I liked Natsuo a lot — I really found myself rooting for her character, not as an athlete but as someone headed toward personal growth. I think at the end what she does learn is that even people who seem happy can be messed up, and I don’t think it’s antithetical to that for her to resolve to come back, train harder, and beat Eyebrows. The very fact that she does come back says tons about how different a person she is at the end than the beginning. I do wish we’d gotten more about her backstory before the manga ended, though.
Pandora Hearts is the most plot-heavy entry on this list. It stars a 15-year old boy named Oz, who at his coming-of-age ceremony is ambushed and thrown into a dimension known as the Abyss. The Abyss is populated by creatures called Chains, who are constantly trying to trick humans into pulling them into the mortal realm, where they devour people. While he’s trapped, Oz meets a girl named Alice whom others call the Black Rabbit. She appears to be a Chain but it also oddly human, and Oz is convinced he knows her somehow. He agrees to bring her into the mortal world with his power, and she helps him escape on the condition he help her find her lost memories. Things quickly spiral into intrigue, mystery, and fantasy. Pandora Hearts is delightfully complex without ever being complicated. There’s rarely not something happening, some element of mystery being revealed, but I never found it confusing or hard to follow.
I’m 7 of 24 tankobon into it right now and am still completely enthralled by the world and the story. It is something of a sausage party — Alice is really the only major female character, though there are a handful of female side characters — and it has an issue with Evil Is Sexy that pops up somewhere around the 30th chapter, but honestly it was compelling enough it didn’t really bother me (also, the mangaka is a woman which helps maybe?).
The only thing about it is that a hunk from about chapter 10 – 20 is done by an absolutely abysmal scanlation team and the thing starts to become a real slog because of it. It’s honestly a huge credit to Mochizuki’s writing that I didn’t have trouble keeping up, and I’m probably just going to buy the whole series and then reread the early tankos.
So I just finished PH and spoilers spoilers spoilers:
a) Holy fuck that was amazing
b) The ending was… cruelly sad, almost unnaturally so — surely terrible things don’t have to happen to literally the entire cast? It was all bitter, no sweet. It was certainly a powerful and literary ending, but it almost felt… unfair, as a reader? I think it falls kind of under the “grimdark is just as unrealistic as superfluff” clause. Surely there was a happy medium between the tea party fluff endinig and “everyone who doesn’t die which is like 2 people is an emotional wreck for a century at which point the only two still alive get to be happy for 15 minutes before they die too.”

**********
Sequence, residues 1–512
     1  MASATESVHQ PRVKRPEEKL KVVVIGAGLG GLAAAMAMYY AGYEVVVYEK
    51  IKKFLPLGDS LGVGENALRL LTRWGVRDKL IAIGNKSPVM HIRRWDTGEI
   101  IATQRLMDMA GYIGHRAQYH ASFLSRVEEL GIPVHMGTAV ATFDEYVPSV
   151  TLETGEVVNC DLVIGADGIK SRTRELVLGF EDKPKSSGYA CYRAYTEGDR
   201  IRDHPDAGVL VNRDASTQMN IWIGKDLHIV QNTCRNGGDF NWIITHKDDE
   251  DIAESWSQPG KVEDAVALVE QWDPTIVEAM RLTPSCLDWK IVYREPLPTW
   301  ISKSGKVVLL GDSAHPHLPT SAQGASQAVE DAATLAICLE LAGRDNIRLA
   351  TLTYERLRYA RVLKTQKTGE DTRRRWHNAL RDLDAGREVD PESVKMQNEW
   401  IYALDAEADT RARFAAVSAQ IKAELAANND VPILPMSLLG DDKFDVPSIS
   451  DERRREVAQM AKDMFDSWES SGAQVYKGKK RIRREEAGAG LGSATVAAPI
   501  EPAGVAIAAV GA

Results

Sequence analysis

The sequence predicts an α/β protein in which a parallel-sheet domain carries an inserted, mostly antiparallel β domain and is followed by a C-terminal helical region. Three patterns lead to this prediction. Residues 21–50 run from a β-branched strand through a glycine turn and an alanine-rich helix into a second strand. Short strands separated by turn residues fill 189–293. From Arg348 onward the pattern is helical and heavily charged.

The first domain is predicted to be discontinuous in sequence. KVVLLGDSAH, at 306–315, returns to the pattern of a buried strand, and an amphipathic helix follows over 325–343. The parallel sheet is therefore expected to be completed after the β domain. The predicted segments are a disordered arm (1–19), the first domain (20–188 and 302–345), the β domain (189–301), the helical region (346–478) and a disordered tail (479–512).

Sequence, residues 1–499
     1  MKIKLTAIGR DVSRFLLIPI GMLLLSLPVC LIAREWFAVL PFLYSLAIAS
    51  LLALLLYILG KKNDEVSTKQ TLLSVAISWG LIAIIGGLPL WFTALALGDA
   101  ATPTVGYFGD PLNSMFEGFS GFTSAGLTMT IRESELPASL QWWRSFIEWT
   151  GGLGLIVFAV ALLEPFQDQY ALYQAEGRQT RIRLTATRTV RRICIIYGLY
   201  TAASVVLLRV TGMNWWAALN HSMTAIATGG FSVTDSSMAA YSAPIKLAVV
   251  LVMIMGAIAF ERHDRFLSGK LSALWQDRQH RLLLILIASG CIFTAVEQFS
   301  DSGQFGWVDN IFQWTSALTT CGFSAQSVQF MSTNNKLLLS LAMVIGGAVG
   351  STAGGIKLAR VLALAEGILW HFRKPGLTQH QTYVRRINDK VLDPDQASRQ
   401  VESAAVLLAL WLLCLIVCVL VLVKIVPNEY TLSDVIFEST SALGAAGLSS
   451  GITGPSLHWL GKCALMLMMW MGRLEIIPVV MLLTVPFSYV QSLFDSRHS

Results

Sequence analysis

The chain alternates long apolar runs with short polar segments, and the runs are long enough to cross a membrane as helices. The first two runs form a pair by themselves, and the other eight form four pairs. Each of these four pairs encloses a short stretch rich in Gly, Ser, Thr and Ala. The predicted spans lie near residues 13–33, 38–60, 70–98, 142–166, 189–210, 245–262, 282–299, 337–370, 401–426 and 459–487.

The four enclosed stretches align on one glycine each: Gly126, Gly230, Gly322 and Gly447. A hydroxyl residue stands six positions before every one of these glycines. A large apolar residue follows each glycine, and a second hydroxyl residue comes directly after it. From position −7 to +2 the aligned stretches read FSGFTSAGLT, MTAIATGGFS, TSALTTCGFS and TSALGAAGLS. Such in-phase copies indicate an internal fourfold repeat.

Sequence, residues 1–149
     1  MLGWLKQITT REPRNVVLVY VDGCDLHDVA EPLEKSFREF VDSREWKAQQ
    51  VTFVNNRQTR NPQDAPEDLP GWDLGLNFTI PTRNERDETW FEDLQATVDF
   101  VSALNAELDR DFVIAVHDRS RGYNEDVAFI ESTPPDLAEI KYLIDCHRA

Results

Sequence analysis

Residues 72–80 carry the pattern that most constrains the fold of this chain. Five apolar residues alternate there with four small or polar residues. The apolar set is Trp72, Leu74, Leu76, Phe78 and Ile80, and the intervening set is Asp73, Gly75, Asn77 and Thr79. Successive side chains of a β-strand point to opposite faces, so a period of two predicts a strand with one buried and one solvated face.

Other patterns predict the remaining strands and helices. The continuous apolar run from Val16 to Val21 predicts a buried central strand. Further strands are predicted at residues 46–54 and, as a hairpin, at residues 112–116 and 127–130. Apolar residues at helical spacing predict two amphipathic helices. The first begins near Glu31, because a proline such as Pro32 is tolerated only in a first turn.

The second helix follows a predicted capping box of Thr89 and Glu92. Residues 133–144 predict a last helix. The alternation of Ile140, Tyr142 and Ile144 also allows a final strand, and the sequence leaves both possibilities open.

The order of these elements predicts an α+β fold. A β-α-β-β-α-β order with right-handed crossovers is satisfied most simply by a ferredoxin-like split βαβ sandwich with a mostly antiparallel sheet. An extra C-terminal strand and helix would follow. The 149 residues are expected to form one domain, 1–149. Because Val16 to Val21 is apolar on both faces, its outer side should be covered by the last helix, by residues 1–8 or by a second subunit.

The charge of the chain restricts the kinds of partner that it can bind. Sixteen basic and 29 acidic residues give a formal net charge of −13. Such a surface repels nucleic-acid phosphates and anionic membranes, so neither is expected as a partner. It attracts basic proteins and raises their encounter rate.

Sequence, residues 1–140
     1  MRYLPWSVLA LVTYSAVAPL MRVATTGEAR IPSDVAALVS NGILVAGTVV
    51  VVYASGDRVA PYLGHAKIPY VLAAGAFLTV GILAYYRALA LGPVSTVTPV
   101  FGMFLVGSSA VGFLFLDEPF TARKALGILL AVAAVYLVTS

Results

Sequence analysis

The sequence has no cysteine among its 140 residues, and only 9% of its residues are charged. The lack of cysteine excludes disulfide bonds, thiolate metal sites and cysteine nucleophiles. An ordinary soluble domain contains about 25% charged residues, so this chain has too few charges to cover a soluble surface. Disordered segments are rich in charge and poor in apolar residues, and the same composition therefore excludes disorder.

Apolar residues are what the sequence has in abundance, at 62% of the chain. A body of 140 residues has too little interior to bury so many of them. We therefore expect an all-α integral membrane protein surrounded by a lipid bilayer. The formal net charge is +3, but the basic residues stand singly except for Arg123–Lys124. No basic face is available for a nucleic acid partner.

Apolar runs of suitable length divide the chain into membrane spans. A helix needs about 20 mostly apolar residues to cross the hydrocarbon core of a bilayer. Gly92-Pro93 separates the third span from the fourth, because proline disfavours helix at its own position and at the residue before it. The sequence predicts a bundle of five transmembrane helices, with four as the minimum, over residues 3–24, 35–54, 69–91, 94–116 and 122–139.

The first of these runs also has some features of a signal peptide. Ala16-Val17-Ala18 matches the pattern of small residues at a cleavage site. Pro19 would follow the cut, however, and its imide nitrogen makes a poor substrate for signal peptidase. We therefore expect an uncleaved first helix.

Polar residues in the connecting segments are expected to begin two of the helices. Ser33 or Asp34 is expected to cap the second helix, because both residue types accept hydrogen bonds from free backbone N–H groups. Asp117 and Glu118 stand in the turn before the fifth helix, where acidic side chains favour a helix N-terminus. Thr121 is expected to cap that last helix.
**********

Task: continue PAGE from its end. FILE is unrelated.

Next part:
But man, this whole thing was tightly, brilliantly plotted and even the villains were compelling, full characters.
I think a better ending would have been: have Oz die, and Alice finally get to have a normal human life. Vince + Ada, Gil + Alice, and sure, Liam + Sharon (this was a weird choice; it was basically trauma bonding in the grimdark ending, where they were both so miserable they clung to the only other survivor of the whole ordeal), and then as the years pass we see them all enjoying life but missing Oz, and then it ends with Gil getting to see new!Oz once before he dies, and then we can see Gil and Alice’s son or grandson with new!Oz, showing that even though they had to wait a lifetime, in a way they’re all together.
I also think that if Vincent had brought back everyone instead of just Alice and Oz it would have worked really well. So he shows up with the reincarnations of Break, Elliot, Leo, Oscar, etc., as well, and then Gil tells them all the story, and they’re all together again finally, and Gil gets to die happy, having had the tea party at last. It’s still sad, but it’s also hopeful.
The whole Shakespearean Tragedy ending is such a… letdown, in a way. It’s just not satisfying; the authorial hand is too apparent, and it feels less like a natural conclusion than a way to spite readers.
Doesn’t really change my overall opinion though.